"You can't uninfect them once they're infected, can you?" said Dr. Victor Fredlund, who has been at the hospital in Mseleni for 27 years.
In this remote, northeastern corner of the country, with its heart-stoppingly big skies and lush coast, doctors see grieving mothers carry babies with AIDS - feverish, vomiting and miserable - back to the hospitals where they were born.
In the doctors' letter to the provincial authorities in May, Dr. Pfaff, acting medical manager at Manguzi Hospital here, said they thought it was unethical to withhold a treatment used so successfully elsewhere. "We know better options are available and that we have the capacity to deliver them," he wrote.
In an e-mail message, Dr. Sandile Buthelezi, a provincial health official, acknowledged that the mother-to-baby transmission rate in KwaZulu-Natal, where only nevirapine was used, was 23 percent, while it was less than 5 percent in the Western Cape.
But he also wrote that nevirapine was still the nationally approved regimen and that the cost of adding AZT was not yet factored into the budget. "I am wary of us undermining national just because of what other provinces are doing," he wrote.
After Dr. Pfaff was charged with misconduct for using the two-drug regimen at Manguzi, advocacy groups took up his cause, as did the political opposition, which seemed only to further rile provincial officials.
"We will not allow anyone to pull vulturistic theatrics to mystify this matter for their own political gain," the provincial health department said in a Feb. 11 press release.
Peggy Nkonyeni, the African National Congress politician who is the health minister here, visited Manguzi Hospital after the charges were filed. Her spokesman, Desmond Motha, said she told the staff that antiretroviral medicines were not a cure for AIDS, "that the medicine they receive is indeed toxic and that's why people need to be counseled."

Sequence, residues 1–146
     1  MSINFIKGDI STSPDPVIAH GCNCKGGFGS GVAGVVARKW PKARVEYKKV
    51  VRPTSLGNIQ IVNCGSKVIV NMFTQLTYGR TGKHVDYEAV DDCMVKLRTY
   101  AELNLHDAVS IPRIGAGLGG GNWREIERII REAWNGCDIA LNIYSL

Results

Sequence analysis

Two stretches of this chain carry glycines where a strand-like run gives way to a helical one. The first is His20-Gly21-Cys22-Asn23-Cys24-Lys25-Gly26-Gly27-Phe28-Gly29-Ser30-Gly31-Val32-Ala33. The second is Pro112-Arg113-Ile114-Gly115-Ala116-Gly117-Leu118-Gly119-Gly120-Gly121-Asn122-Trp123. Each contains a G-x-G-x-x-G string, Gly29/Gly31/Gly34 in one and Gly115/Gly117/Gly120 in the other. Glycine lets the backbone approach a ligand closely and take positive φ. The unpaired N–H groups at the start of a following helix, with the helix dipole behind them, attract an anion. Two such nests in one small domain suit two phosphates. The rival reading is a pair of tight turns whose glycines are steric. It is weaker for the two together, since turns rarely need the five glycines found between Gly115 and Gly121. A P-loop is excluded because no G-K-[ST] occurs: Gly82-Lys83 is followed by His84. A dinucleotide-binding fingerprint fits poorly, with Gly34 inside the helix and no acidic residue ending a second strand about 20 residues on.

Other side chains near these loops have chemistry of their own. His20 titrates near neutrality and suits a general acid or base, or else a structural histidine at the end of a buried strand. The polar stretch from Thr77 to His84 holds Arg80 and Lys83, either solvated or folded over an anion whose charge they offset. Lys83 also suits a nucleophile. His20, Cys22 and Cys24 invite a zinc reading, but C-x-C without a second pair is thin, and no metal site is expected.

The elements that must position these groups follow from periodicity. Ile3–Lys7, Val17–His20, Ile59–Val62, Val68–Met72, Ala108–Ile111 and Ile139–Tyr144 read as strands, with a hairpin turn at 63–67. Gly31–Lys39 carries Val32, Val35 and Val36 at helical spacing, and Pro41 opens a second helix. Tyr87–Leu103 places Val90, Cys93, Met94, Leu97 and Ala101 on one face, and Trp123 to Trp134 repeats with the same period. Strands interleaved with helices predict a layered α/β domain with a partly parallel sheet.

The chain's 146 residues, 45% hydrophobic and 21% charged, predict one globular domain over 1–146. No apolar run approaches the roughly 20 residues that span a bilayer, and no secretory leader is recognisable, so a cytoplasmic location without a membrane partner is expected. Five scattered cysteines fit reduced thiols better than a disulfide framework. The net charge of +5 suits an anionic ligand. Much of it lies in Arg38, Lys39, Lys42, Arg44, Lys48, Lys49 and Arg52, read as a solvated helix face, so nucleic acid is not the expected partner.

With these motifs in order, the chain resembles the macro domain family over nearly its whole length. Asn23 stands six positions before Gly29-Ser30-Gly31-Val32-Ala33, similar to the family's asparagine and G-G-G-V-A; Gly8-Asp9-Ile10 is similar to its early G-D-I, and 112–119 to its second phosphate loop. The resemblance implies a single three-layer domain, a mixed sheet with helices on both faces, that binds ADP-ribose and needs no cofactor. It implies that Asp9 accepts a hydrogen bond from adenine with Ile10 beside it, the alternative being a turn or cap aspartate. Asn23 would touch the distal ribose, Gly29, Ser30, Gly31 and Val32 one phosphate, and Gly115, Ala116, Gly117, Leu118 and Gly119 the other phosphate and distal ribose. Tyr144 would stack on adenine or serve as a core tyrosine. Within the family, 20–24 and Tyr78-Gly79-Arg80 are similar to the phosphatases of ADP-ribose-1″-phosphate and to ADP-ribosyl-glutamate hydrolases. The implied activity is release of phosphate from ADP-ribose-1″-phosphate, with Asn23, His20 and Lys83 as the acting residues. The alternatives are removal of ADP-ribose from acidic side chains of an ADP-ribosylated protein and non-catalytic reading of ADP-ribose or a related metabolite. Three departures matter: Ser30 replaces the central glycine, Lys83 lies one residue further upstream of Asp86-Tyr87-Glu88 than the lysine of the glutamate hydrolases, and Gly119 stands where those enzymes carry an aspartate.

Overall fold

The Treatment Action Campaign, the country's most influential AIDS advocacy group, met last month with Mrs. Nkonyeni. Its spokesman, Nathan Geffen, said they were horrified to notice that the minister's desk had on it only a notepad and a book, "End Aids! Break the Chains of Pharmaceutical Colonialism," by Dr. Matthias Rath, whose ideas have been denounced by many medical groups and experts.
On his Web site, Dr. Rath contends that antiretroviral drugs attack and destroy the immune system and accuses multinational companies of using poor countries as a marketplace for their "toxic and often deadly drugs."
Mrs. Nkonyeni's spokesman said a member of the Treatment Action Campaign disrespectfully told his boss "she should put the book in the dust bin."
"It's her right to read the book," Mr. Motha said angrily
As protests mounted, the Pfaff case became an embarrassment to the governing A.N.C., which in December ousted Mr. Mbeki as its president. The party's new leaders seem to be seeking to reduce the acrimony between the party and AIDS advocacy groups. It has already reached out to the treatment campaign.
"That's a huge move forward," said Nozizwe Madlala-Routledge, who was fired by Mr. Mbeki in August as deputy health minister but was often credited with pushing for scientifically based action against AIDS.
Mr. Geffen said that he hoped that the Pfaff case was "the last kick of a dying horse" and that the A.N.C.'s new leaders would take a fresh approach to AIDS.